At $2.43, the national gas price average is just one penny more expensive than gas prices at this time last year. Gas prices have not been cheaper year-over-year since before Thanksgiving last November. Today’s average is also four cents cheaper than both a week and a month ago.
“Gas prices pushed cheaper year-over-year in the last 30 days, going from 22 cents to just one cent more expensive,” said Jeanette Casselano, AAA spokesperson. “Healthy stock levels and cheaper crude prices have alleviated pump price pains. However, maintenance season and the upcoming switchover to summer blend could break the downward trend in coming weeks, but we are also watching the impact of the coronavirus and what that could do to demand.”
The ability to tap into robust U.S. gasoline stocks has contributed to price declines at the pump. Stocks dipped for a second week, by 2.7 million bbl, according to the Energy Information Administration’s (EIA) latest report. Overall stock levels measure at 256.3 million bbl, which is comparable to this time last year. Demand jumped slightly above 9 million b/d.
- The nation’s top 10 largest weekly decreases are: Ohio (-15 cents), Michigan (-11 cents), Indiana (-10 cents), Delaware (-6 cents), Florida (-6 cents), Oklahoma (-6 cents), Colorado (-5 cents), Georgia (-5 cents), Pennsylvania (-4 cents) and Texas (-4 cents).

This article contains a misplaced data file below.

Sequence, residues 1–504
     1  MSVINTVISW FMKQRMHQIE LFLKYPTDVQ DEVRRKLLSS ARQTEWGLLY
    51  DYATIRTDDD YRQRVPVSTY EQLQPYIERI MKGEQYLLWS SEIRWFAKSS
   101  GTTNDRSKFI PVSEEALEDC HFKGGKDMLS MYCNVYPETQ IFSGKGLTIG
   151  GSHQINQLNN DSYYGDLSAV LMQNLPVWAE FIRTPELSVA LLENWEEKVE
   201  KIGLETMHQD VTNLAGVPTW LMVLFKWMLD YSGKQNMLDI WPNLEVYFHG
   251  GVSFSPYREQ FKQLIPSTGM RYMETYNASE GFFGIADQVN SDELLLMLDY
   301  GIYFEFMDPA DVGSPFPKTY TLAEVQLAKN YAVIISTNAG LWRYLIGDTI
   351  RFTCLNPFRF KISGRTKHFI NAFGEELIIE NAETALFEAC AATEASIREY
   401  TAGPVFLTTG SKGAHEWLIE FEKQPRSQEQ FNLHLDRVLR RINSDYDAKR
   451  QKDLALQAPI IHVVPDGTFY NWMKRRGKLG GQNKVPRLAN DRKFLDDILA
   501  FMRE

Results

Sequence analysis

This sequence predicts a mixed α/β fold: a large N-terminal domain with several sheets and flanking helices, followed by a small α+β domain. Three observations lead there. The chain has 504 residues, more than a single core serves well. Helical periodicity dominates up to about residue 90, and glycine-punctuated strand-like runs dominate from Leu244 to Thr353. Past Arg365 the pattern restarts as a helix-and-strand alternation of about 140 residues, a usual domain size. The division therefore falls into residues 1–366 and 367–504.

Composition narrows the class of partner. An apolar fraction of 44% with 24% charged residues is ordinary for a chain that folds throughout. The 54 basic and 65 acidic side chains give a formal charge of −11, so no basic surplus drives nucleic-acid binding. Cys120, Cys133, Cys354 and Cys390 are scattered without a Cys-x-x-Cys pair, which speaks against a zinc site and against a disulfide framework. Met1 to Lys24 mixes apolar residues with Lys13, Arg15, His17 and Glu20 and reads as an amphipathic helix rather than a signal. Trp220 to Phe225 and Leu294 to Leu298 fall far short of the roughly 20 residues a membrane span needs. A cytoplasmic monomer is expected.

- The nation’s top 10 least expensive markets are: Texas ($2.12), Mississippi ($2.12), Louisiana ($2.14), Oklahoma ($2.14), Missouri ($2.16), South Carolina ($2.16), Arkansas ($2.17), Alabama ($2.17), Kansas ($2.20) and Virginia ($2.21).
Pump prices across the West Coast region have mostly dropped, consistent with the end of the winter driving season. When compared to a week ago, Hawaii (-2 cents), Nevada (-2 cents) and Arizona (-2 cents) saw the largest decreases, while Alaska (+1 cent) was the only state in the region to see its average increase. Hawaii ($3.56) and California ($3.47) remain the most expensive markets in the country. Washington ($3.08), Oregon ($2.98), Alaska ($2.92), Nevada ($2.89) and Arizona ($2.75) follow.
Last week’s fire at Marathon’s 363,000 b/d Carson facility, which initial reports indicated started with a reformer in the light ends unit, did not cause a long-term pricing impact in the state or region. Moving into this week, barring any additional supply challenges, prices will likely continue to fall. According to EIA’s latest weekly report, total gas stocks in the region increased from 30.85 million bbl to 31.23 million bbl, which is 1.48 million bbl lower than the level at this time in 2019.
Great Lakes and Central States
North Dakota ($2.34) and Minnesota ($2.32) were the only states in the Great Lakes and Central region to not see gas prices decrease on the week. While most states in the region are paying just a few pennies less a gallon to fill-up, Ohio (-15 cents), Michigan (-11 cents) and Indiana (-10 cents) saw double digit decreases and rank as the top three largest weekly changes in the country.
Illinois ($2.60) and Missouri ($2.16) land on the most and least expensive top 10 lists, respectively, in the country.
As prices dipped at the pump, regional gasoline stocks held relatively steady at 59 million bbl. This healthy level amid robust refinery utilization (90%), as reported by the EIA, should help to keep gas prices stable in the week ahead.